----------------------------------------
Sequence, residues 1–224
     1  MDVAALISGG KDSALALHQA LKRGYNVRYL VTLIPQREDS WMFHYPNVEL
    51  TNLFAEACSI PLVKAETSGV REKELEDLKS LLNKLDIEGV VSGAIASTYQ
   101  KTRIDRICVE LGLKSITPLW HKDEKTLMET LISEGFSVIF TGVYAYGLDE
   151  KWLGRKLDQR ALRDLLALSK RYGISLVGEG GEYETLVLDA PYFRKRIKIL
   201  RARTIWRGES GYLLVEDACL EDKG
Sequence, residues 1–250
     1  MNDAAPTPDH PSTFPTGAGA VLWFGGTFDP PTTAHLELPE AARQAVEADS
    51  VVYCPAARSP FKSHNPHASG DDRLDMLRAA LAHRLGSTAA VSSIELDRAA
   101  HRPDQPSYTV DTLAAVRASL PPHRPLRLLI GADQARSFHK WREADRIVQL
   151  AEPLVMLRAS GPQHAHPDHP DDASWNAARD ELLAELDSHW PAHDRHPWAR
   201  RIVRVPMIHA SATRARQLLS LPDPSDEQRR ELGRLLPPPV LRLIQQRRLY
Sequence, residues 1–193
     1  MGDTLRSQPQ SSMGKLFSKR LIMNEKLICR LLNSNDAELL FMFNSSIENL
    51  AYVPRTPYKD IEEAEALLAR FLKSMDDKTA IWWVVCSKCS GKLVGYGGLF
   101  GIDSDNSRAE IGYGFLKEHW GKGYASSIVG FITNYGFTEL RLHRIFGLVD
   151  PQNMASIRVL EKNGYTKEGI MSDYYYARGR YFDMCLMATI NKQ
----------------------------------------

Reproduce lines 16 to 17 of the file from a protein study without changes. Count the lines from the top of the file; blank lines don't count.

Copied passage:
   101  GIDSDNSRAE IGYGFLKEHW GKGYASSIVG FITNYGFTEL RLHRIFGLVD
   151  PQNMASIRVL EKNGYTKEGI MSDYYYARGR YFDMCLMATI NKQ